While I am known for many firsts on my arctic expeditions, I also have been one of the first eyewitnesses to the devastating effects of climate change. These experiences compelled me to establish the Will Steger Foundation and spend the last eight years sounding the alarm bell and calling for action.

Today, I am celebrating. It's because of people like Jon Kramer, whom I first met on Saganaga Lake, where he installed solar on a wilderness cabin. In 2010, Sundial Solar was a two-person company. Now it employs 20 and is one of the bigger solar installers in Minnesota. TenKsolar, a Bloomington-based company that produces solar panels, has had similar growth; it started in a garage in Lakeville half a dozen years ago. Now it employs more than 80 and ships its product worldwide.

These businesses tell the story of a burgeoning Minnesota clean-jobs economy that's attracting young people, including two aspiring new employees of Sundial Solar whom I know well. They dreamed of good-paying jobs that would make a difference, and they are now part of an energy revolution that is occurring across our state, from Ely to Worthington.

Today we can celebrate more than 15,300 Minnesotans working in a clean-energy economy that is creating an increasing number of high-paying jobs, decreasing dependence on fossil fuels, and improving air and water quality in the state. A detailed report released by the Minnesota Departments of Commerce and Employment and Economic Development on Oct. 1 documents this economy, which sustains local jobs and attracts investment across clean-energy sectors, including energy-efficiency, wind, solar, bioenergy and smart grid.

The report tracks the rapid growth of the clean-energy market, which is reducing the state's dependence on imported energy. Biofuel production capacity, energy-efficiency savings, and solar and wind installations all had triple-digit percentage jumps between 2000 and 2012. As of 2012, annual energy-efficiency savings and renewable-electricity capacity in Minnesota was enough to power more than 1.4 million homes in the state for a year. State biofuel production capacity was enough to replace fossil fuel for 1.7 million vehicles for one year.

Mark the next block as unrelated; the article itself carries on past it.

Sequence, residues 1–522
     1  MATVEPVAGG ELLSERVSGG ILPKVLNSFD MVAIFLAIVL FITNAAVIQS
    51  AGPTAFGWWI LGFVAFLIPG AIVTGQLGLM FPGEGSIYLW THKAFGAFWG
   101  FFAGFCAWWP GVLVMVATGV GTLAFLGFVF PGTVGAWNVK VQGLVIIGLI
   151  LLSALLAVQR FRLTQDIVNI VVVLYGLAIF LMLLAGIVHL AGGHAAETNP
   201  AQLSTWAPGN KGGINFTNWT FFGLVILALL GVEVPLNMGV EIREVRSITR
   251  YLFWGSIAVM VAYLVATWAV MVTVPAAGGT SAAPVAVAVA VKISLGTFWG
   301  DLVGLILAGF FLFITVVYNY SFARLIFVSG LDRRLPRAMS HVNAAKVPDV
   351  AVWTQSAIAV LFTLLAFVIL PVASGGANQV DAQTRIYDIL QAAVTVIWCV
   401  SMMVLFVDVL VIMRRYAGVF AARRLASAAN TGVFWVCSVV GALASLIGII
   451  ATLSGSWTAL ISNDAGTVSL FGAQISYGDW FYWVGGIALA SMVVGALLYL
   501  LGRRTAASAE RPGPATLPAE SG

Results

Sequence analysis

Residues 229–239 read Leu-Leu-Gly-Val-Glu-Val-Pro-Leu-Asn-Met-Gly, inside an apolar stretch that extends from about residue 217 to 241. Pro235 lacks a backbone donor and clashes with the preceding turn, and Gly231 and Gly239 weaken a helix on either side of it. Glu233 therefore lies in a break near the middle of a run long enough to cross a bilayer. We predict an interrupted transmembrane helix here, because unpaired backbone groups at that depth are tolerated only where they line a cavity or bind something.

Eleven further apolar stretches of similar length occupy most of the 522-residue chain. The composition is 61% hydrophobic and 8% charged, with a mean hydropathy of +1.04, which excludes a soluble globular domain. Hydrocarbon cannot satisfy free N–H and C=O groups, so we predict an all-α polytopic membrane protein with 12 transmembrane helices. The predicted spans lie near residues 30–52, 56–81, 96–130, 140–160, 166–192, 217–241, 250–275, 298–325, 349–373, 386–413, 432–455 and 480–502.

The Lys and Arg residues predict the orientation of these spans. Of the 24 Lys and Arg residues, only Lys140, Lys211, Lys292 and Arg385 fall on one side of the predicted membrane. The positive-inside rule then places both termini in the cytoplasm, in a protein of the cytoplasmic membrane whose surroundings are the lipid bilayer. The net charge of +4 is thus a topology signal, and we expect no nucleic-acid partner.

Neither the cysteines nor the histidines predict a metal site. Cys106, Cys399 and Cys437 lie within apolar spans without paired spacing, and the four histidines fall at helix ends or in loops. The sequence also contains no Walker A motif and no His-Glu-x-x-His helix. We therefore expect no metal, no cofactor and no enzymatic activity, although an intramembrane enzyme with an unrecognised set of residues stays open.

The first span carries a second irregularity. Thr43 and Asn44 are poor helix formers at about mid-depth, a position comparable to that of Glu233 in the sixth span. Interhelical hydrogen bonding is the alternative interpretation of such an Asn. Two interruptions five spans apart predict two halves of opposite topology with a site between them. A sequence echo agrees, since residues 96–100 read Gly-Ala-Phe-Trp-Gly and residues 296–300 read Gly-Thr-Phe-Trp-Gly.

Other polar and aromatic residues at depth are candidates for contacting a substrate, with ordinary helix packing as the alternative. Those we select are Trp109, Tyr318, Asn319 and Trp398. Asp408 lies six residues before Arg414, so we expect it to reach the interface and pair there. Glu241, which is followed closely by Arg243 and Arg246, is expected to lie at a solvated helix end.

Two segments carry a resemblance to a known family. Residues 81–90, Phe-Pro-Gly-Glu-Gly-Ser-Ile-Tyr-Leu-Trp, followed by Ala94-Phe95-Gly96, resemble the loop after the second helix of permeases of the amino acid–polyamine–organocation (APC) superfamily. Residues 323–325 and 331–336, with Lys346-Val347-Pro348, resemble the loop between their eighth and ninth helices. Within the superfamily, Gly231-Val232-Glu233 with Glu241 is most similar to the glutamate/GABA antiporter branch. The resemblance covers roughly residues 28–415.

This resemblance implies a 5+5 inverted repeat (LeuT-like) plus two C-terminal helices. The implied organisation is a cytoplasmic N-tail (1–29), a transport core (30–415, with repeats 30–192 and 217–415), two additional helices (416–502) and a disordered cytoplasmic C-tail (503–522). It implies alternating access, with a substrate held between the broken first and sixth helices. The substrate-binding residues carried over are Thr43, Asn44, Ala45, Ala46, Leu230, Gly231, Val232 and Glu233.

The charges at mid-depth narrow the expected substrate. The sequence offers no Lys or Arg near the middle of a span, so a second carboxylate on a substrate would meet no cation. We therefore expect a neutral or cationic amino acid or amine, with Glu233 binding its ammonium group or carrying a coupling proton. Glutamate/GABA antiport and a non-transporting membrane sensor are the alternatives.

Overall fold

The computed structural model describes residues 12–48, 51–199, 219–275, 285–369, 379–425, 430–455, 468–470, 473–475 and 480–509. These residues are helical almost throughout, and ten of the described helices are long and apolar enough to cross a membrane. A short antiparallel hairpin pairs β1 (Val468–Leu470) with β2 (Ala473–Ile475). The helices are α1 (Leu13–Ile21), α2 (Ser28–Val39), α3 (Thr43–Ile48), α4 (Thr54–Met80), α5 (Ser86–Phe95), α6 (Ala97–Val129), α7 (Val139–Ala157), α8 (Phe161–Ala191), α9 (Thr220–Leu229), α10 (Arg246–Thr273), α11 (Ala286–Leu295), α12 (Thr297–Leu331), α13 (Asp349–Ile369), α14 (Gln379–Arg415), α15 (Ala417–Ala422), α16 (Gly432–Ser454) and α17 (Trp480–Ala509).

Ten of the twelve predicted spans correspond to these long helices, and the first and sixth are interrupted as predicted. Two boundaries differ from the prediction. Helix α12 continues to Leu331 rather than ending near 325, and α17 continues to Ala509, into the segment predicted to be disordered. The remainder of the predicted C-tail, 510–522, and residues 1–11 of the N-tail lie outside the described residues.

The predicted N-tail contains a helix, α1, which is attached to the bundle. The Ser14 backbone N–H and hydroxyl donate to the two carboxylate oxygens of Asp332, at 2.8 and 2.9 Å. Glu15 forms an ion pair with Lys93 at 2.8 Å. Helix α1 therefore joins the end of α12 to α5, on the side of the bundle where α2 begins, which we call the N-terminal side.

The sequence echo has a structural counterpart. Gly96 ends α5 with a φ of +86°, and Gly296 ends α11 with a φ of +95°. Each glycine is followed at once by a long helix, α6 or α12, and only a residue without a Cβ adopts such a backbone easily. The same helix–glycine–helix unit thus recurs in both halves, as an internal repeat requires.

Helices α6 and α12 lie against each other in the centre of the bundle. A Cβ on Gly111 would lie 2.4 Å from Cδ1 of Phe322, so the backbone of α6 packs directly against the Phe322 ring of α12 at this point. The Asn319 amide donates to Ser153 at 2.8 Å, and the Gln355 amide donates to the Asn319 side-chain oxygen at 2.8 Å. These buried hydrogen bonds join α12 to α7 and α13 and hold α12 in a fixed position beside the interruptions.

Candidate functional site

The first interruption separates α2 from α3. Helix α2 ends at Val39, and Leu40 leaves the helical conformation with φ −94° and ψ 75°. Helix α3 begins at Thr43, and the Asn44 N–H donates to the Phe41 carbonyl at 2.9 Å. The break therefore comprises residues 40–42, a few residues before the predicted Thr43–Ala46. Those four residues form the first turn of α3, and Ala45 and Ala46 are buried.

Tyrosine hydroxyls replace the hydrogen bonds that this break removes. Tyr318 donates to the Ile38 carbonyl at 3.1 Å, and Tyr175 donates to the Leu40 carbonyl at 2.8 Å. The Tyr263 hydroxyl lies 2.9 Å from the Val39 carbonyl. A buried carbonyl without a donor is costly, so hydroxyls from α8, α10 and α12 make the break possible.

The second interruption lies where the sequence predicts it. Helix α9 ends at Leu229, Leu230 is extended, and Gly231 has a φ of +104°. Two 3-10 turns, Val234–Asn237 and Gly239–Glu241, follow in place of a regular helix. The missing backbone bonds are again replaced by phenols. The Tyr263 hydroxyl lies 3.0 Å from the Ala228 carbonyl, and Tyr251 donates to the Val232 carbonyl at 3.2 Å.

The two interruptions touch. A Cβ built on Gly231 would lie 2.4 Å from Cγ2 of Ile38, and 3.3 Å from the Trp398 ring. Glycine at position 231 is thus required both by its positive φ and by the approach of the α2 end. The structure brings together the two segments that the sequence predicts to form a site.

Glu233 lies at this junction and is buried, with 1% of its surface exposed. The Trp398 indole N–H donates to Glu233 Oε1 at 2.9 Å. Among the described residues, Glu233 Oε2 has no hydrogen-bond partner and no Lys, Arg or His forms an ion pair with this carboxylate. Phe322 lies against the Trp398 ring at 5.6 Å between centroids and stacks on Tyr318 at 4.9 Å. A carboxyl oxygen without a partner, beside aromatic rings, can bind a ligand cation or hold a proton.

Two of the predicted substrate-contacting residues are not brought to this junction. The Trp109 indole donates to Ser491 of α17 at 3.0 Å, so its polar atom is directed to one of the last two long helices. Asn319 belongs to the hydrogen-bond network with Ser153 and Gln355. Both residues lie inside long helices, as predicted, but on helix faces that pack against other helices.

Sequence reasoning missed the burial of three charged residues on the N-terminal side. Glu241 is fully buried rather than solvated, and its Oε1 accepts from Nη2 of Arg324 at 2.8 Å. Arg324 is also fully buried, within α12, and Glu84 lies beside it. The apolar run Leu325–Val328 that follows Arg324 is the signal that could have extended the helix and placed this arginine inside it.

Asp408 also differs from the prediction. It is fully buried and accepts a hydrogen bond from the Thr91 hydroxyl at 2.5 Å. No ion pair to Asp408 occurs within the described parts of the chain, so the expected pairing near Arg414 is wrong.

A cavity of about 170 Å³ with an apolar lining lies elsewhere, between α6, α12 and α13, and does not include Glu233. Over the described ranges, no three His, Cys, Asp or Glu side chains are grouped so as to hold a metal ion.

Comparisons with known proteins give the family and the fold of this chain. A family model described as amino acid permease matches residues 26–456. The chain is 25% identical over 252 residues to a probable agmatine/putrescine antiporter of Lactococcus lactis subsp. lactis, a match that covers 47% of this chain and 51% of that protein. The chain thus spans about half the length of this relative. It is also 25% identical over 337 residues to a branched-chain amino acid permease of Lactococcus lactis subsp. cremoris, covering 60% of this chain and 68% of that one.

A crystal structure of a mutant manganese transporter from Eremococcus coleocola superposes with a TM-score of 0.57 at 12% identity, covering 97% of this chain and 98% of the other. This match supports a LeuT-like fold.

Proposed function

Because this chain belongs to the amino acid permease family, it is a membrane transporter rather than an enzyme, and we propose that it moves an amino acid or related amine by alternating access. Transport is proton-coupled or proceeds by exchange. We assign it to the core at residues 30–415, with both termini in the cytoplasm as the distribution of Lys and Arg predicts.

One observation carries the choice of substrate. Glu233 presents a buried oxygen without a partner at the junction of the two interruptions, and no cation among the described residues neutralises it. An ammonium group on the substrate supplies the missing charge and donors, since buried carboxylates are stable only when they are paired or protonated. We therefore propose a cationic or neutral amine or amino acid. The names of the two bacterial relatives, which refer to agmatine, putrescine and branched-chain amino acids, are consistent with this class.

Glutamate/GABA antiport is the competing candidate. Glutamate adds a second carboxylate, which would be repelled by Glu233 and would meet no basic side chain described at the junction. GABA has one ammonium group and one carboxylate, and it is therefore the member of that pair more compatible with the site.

In addition, employment in clean-energy sectors is growing faster than total state employment. Clean-energy employment in Minnesota surged 78 percent between January 2000 and the first quarter of 2014, growing steadily through the recession.

And these jobs pay well. Minnesota workers in the clean-energy economy earned more than $1 billion in wages in 2013. Average annual wages in the clean-energy economy reached more than $71,000 in 2013, which was 42 percent higher than the statewide average of about $51,000 for all jobs. These jobs range from installation and maintenance to manufacturing and research.

Forward-thinking public policies helped guide our state to this new economy. In 2007, then-Gov. Tim Pawlenty signed Minnesota's Next Generation Energy Act into law. This law set nation-leading goals for clean-energy growth and carbon reduction, including a 25 percent by 2025 renewable-energy standard. Seven years later, Minnesota's utilities are all on track or exceeding the renewable-electricity schedule, at little or no negative cost impact on Minnesota customers.

In 2013, Minnesota adopted its most significant clean-energy reforms since 2007, including a first-ever solar standard — an important first step in answering Gov. Mark Dayton's call to transition to a cleaner-energy future that creates thousands of jobs for Minnesotans. We now have a 1.5 percent solar standard and a goal of 10 percent solar by 2030.

Minnesota has established a common-sense foundation for its clean-energy future, and we deserve to commemorate that accomplishment, but we still have work to do. All of the state's utilities are facing decisions about the future of their aging coal plants in light of new national carbon-pollution standards. States are now in the driver's seat, and Minnesota is working to implement the Clean Power Plan. We have the opportunity and challenge to create a Minnesota path that will meet and exceed the federal carbon-reduction targets for our state in a manner that will be least-cost and that will grow efficiency and renewable-energy jobs in the state beyond business as usual.

Thanks to robust developments in the last 25 years, along with public- and private-sector expertise and strong leadership from Dayton, Minnesota is well-positioned for the future. So today we rejoice, and tomorrow we can continue the good work of building our new clean-energy economy.

Will Steger is an accomplished polar explorer, educator and author, and is the founder of the Will Steger Foundation, dedicated to engaging people in climate change solutions.